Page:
Dr Reddy praised the UK for being faster than other EU countries in processing this, but said GMO registration could be speeded up and conducted in tandem with clinical trial regulatory approval. He said the Catapult initiatives were also welcome, but called on the government to do more to improve the skills of the labour force.

Finally, he added that there was a distinct cultural difference in the way pharma and biotech were viewed in academic research and the NHS.

“Moving here I get the perception that the UK has great science, the clinical skills are great, but industry is still not considered ‘cool’ and is still considered as the ‘dark side’.

This contrasts greatly with America’s leading academic medical research hospitals.

“If you meet people at John Hopkins, or Dana Faber, the best and the brightest from academia want to move in to industry, or already have, but that is not the case here.”

Responding to the comments about NHS red tape, Hallsworth said there was a renewed push to address this problem.

The Health Research Authority (HRA) took on responsibility for all clinical trial approvals in 2016, and it is now looking to create a centralised sign-up to commercial trials for all NHS organisations to eliminate this obstacle.

Nevertheless, Hallsworth conceded that many NHS trusts still needed to be won over to the idea of investing time and resources in clinical research.

“In an NHS where pressure is on budgets, we need to persuade them that research is important to do.”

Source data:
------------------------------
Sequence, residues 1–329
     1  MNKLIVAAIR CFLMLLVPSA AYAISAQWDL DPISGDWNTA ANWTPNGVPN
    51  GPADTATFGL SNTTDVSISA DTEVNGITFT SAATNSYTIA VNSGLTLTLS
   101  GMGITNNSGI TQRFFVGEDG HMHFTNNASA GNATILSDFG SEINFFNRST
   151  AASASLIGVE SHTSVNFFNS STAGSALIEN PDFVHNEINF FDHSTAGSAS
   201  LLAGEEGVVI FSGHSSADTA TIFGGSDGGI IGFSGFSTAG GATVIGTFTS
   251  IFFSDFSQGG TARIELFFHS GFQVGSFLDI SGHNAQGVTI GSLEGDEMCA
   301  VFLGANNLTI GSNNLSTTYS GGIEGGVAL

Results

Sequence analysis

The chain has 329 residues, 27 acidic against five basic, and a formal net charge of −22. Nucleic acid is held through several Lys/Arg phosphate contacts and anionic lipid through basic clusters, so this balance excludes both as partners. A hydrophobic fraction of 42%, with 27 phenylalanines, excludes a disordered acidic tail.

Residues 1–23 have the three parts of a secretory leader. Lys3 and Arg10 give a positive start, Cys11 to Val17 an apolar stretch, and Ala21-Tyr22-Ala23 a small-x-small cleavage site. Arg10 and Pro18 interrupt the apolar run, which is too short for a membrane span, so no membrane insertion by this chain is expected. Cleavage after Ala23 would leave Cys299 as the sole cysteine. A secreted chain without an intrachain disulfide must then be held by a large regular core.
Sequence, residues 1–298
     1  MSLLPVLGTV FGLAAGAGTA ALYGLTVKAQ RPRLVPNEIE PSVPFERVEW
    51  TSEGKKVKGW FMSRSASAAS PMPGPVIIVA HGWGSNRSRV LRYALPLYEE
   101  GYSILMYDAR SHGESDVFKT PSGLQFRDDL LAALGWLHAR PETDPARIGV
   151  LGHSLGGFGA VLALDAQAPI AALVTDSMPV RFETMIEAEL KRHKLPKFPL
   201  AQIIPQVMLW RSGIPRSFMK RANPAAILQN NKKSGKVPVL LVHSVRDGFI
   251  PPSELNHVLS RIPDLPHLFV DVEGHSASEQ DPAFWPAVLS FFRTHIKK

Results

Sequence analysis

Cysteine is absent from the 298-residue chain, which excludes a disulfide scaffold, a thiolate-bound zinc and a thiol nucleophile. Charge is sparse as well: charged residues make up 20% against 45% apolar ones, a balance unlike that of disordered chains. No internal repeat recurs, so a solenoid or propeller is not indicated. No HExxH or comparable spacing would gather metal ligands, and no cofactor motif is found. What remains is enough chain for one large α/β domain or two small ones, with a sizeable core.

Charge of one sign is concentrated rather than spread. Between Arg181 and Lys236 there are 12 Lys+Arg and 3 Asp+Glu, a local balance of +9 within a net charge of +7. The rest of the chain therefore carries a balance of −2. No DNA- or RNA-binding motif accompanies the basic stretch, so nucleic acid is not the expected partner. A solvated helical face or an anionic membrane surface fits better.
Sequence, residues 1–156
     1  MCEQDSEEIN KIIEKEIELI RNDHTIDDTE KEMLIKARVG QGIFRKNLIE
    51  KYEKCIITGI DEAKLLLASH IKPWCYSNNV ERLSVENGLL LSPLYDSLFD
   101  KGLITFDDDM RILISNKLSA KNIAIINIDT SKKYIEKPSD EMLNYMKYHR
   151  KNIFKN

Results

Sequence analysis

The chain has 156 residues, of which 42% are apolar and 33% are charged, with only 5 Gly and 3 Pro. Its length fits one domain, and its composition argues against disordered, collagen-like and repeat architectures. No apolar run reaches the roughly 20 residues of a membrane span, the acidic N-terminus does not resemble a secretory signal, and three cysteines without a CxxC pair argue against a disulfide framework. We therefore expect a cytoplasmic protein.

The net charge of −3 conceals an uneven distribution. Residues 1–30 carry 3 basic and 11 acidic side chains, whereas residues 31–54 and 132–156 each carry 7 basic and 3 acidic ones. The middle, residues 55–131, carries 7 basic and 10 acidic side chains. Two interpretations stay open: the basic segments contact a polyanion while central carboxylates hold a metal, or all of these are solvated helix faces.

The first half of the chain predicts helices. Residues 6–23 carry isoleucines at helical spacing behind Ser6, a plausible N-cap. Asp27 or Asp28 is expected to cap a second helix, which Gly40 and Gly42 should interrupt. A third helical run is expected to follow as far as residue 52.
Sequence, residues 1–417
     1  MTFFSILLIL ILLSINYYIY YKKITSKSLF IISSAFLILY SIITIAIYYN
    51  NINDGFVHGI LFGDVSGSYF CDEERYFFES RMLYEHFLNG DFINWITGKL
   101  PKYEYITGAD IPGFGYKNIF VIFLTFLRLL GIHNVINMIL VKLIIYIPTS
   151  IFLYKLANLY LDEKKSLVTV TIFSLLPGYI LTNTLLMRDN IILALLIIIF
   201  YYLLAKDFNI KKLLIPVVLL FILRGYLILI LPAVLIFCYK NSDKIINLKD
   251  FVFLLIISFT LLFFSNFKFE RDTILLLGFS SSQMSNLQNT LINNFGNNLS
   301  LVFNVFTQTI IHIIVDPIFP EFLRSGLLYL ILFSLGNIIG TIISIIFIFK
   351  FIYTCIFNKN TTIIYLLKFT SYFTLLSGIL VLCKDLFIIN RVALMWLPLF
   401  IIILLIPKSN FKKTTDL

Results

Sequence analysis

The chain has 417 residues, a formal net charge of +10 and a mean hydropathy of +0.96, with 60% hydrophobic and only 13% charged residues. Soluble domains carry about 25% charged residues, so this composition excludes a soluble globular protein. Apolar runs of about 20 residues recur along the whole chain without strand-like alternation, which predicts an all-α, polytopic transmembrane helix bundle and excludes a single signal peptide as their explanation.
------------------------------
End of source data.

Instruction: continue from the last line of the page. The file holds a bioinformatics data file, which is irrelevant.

Kristy Wydenbach

Finally, also speaking at the event was Dr Kirsty Wydenbach, Deputy Unit Manager, Clinical Trials Unit at the MHRA.

She said the Clinical Trials Unit was open to novel and adaptive trial designs, and that it encouraged early dialogue with pharma and biotech to provide feedback on trial protocols and development programme design.

The MHRA also has a dedicated Innovation Office, which provides free regulatory information, advice and guidance to developers of innovative medicines, medical devices or novel manufacturing processes.

She pointed to the Clinical Trial Unit’s 14-day review target for all phase 1 trial approvals, which she said represented a ‘huge advantage’ compared to regulators in other European countries.

Of course UK life sciences is facing a great threat to its clinical research base, in the shape of Brexit. This could see the UK divorced from the EMA and EU’s regulatory and research networks. Despite the shortcomings of some EU regulations, the UK pharma and biotech industry wants to remain as close as possible to this much larger research network and market after Brexit.

There is confidence in UK biotech that the strength of the sector will help it ride out whatever Brexit brings. Nevertheless, the sector is pushing the government to raise its ambitions and support for the sector – as encapsulated in the recent industry-led Life Sciences Industrial Strategy report.

As for Autolus, it is now gearing up towards its proof of concept: it recently commenced its phase 1/2 studies, and is working closely with UCH and Great Ormond Street children’s hospital to conduct the trials, as well as with Memorial Sloan Kettering Cancer Centre in the US.

It is part of new generation of highly promising UK-based companies which could develop a major breakthrough therapy; but whether the UK environment can deliver ‘big biotech’ success stories like the US’ Amgen or Genentech is yet to be seen.